If Yoenis Cespedes can help team win, it will overlook baggage

When the Mets traded for Yoenis Cespedes at the trade deadline in 2015, they not only got a slugger who brought their lineup back to life, but they also quickly learned about the baggage that had already followed him around to four different major-league teams in just six years. The whispers that he was a diva in the clubhouse, unmotivated and difficult to coach, arrived in Queens before the man himself got there.

After a year and a half of having Cespedes’ powerful right-handed bat in their lineup, the Mets know the obvious upsides of re-signing him. Unlike some of the other teams bidding for his service, they know the truth about the downsides.

Golfing on game days, not doing the pregame stretch or batting practice on the field with his teammates, the showmanship of driving a different car to spring training every day and the sometimes moody displays after games are some of the things that other teams are certainly asking about.

“It’s one reason why you didn’t see him get those six- and seven-year offers last winter and you won’t see him get them this year,” one industry source said. “Teams are worried about that long term deals with him, because they worry about his motivation.

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“But the Mets know him best,” he continued, “that says something they are trying to re-sign him.”

The Mets are uncertain about giving Yoenis Cespedes anything more than a four-year deal.

The Mets are uncertain about giving Yoenis Cespedes anything more than a four-year deal.

(Marc Serota/Getty Images)

And knowing him best may be one reason the Mets are very much basing their entire postseason plans around him. Cespedes has proven he can deliver in New York, something not every player can do.

But it also may be one reason why they are uncertain about anything above a four-year deal. Don’t discount that with their core of young starting pitching, the Mets realistically have a window of three to four years for playoff success right now. That is one reason they are wary of a long-term deal with any player right now.

And while they will push the limits of their comfort for Cespedes, Sandy Alderson isn’t about to change his approach dramatically.

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Last January, the key to the surprise three-year deal that the Mets GM hammered out with Cespedes was the fact that he could opt-out after the first year. It gave the 31-year-old a chance to re-enter a more favorable free agent market this winter with another successful season in the biggest market in the country.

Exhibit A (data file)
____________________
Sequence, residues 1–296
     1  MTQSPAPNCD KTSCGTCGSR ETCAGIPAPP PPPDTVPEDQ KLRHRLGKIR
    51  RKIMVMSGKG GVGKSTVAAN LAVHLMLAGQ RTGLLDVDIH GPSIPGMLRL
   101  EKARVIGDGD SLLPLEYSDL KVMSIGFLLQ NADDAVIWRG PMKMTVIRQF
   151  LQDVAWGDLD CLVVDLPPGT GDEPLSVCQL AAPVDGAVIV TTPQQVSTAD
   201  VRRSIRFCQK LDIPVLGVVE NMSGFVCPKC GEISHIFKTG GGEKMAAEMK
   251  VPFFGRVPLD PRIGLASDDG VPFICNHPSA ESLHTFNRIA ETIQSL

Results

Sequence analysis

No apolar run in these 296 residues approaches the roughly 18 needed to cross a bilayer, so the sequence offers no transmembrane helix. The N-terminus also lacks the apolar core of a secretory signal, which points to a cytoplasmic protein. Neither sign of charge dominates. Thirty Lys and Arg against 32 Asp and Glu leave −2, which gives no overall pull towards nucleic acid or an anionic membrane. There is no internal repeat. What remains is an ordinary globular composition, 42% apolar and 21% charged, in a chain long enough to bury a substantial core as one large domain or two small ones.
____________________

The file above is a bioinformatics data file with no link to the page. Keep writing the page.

For Alderson and the Mets, that opt-out addressed any concerns they would have about keeping him motivated.

As the Mets try to keep Cespedes from signing with another team, they have to weigh the obvious upside of having a slugger who hit 48 home runs in 189 games with the Mets since August 2015. He’s driven in 130 runs in that span, with the possible issues that arise with him.

Alderson knows that all too well, having to had to address Cespedes’ golf game as a top priority in two consecutive day during last year’s Subway Series.

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A day after saying that the organization did not care about the Cuban native’s obsession with golf and playing on game days even while nursing a right quad injury. Alderson then had to admit that it was a bad “optic” when Cespedes had to go on the disabled list a day after playing golf with MLB Network personality Kevin Millar. The former big-leaguer posted a picture after their round on Twitter creating a stir among Mets fans.

Back page of the New York Daily News for Jan. 23, 2016.

Back page of the New York Daily News for Jan. 23, 2016.

(New York Daily News)

It’s clearly a reputation that doesn’t die.

At the GM Meetings, Alderson said that the Mets were not that concerned about the attitude issues and if they were he would have no problem talking to Cespedes. He said that he is not the only player over the years he has had to remind about focus.

“It’s important to keep it in perspective and for the most part he does,” the Mets GM said earlier this month. “It’s not glaring. It’s important from time to time, to say (to them) they are baseball players and that is the source of their celebrity and compensation.”

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But other teams wonder about that. An American League scout whose team had a passing interest in Cespedes last winter said they asked around about Cespedes in the clubhouse and the rumors about his work ethic.

“You do worry about some of the mental lapses, but I think most organizations look at the pluses and minuses,” FS1 analyst C.J. Nitkowski said. “And the pluses win out.”

In the end if Cespedes can help a team win, that will outweigh any rumor or quirk.

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